1 AP (1.5 ECTS), ends with "Arvestus" (pass/fail examination). To pass, a number of exercises have to be solved after the course.
|Mon, February 27th||10:15 - 12:00||Liivi 2-207||Slides|
|Tue, February 28th||14:15 - 16:00||Slides|
|Wed, March 1st||12:15 - 14:00||Liivi 2-122||Slides|
|14:00 - 15:00||Liivi 2-403|
|Thu, March 2nd||16:15 - 18:00||Liivi 2-207||Slides|
Graduate and advanced undergraduate students interested in information security and cryptology
In recent times, the analysis of cryptographic protocols has been getting more and more attention, and the demand for general frameworks for representing cryptographic protocols has been rising. To allow for a faithful analysis of cryptographic protocols, it is well-known that such models have to capture probabilistic behaviors, complexity-theoretically bounded adversaries as well as a reactive environment of the protocol, i.e., continuous interaction with the users and the adversaries.
We present a rigorous model for reactive systems in asynchronous networks that lives up to these requirements. It supports abstract specification and the composition of secure systems, which enables modular proofs of security and has the potential to link the rigorous proof techniques of cryptography with tool-supported formal proof techniques. The model follows the general simulatability approach, which is the cryptographic notion of a secure refinement. Integrity, strong confidentiality, and liveness properties can be expressed in the model, and we show that they are preserved under simulatability. As the foundation for cryptographically sound protocol analysis, we present an ideal cryptographic library — the so-called BPW model — which allows for analyzing and expressing cryptographic protocols in an idealized setting that is suitable for formal proof tools while nevertheless coming with a provably secure implementation. We use this result to derive the first cryptographically sound security proofs of several well-known protocols such as Needham-Schroeder-Lowe public-key protocol.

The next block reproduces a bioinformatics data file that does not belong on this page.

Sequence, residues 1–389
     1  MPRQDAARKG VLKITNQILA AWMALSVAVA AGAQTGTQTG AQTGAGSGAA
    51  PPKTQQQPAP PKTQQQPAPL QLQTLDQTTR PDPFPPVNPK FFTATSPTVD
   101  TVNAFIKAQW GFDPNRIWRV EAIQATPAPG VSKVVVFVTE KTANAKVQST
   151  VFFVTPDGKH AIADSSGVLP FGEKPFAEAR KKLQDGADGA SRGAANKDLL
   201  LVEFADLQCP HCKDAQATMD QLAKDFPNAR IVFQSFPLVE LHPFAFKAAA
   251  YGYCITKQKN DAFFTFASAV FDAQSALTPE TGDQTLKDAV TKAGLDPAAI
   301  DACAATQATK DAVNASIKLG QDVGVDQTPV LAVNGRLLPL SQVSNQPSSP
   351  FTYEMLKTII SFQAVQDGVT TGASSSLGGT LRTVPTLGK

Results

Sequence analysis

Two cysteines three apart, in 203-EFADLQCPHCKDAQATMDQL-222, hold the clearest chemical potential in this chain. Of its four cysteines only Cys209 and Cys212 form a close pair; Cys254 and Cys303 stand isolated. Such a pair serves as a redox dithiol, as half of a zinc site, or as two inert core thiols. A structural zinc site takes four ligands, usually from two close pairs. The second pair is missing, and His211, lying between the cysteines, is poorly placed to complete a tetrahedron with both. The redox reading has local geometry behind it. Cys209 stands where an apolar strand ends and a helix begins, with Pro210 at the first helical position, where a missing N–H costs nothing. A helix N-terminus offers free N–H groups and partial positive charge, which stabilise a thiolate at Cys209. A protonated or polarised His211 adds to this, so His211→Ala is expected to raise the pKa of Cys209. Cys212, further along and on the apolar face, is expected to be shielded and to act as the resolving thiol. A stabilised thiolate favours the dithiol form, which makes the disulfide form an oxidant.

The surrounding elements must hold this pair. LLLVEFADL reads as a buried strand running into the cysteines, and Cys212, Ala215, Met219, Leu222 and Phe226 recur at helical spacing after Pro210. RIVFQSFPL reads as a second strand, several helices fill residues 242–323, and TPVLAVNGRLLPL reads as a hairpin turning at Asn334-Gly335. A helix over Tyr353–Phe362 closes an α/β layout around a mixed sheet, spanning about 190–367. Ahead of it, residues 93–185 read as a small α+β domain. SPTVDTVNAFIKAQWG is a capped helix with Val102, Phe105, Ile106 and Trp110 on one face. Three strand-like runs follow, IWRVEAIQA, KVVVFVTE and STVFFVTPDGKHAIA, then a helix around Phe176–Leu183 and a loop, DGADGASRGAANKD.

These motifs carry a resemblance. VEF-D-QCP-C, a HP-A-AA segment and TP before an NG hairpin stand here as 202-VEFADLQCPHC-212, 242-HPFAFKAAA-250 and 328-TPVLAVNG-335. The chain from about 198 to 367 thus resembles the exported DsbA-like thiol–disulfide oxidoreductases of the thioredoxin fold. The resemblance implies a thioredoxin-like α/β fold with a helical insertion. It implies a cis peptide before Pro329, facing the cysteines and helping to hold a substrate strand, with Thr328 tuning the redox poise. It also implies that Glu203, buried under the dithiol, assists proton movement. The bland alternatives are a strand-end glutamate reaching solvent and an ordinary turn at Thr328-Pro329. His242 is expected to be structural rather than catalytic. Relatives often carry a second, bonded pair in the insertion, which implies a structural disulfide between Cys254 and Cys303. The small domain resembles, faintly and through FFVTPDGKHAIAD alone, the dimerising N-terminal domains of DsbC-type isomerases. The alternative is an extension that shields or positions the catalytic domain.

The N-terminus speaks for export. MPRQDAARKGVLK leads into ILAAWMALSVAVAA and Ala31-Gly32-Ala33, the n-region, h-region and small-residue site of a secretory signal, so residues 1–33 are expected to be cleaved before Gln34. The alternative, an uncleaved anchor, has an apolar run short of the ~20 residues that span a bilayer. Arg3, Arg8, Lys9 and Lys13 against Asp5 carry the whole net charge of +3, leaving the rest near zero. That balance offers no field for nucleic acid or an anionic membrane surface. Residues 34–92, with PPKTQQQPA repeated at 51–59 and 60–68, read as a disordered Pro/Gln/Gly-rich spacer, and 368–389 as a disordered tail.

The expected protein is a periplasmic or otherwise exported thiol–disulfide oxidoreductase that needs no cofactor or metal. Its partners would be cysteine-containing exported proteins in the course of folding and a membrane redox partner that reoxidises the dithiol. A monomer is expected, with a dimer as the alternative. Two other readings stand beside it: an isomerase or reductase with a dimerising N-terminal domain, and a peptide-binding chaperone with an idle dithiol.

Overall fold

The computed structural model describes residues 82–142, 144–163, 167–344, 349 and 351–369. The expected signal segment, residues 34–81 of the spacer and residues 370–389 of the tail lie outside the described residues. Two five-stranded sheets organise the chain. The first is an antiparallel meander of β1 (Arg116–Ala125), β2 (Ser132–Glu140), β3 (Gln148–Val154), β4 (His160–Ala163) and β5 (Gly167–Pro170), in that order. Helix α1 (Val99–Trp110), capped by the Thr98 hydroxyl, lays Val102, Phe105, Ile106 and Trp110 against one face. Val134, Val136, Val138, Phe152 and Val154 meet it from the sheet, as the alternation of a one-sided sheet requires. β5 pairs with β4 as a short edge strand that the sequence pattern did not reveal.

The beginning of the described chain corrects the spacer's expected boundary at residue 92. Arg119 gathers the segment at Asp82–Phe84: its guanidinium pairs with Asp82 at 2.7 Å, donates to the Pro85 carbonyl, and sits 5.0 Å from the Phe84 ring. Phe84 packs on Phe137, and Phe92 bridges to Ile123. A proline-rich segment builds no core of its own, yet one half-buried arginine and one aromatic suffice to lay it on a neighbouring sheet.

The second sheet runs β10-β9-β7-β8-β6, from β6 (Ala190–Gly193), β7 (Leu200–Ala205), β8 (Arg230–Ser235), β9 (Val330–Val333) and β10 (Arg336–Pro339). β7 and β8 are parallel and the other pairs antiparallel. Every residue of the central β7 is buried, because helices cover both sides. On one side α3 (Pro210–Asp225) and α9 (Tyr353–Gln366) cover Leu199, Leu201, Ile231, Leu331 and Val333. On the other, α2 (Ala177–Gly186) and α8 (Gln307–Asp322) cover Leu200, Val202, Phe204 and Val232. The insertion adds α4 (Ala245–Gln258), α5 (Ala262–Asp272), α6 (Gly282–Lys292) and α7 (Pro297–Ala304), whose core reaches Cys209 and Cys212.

We furthermore show that the BPW model can be faithfully implemented in the theorem prover Isabelle/HOL. The main challenge for designing a practical formalization of this model was to cope with the complexity of providing such strong guarantees between formal verification and cryptographic realizations. We reduce this complexity by abstracting the library into a sound, light-weight formalization that enables both concise property specifications and efficient application of our proof strategies and their supporting proof tools. This yields the first tool-supported framework for symbolically verifying security protocols that enjoys the strong cryptographic soundness guarantees provided by reactive simulatability.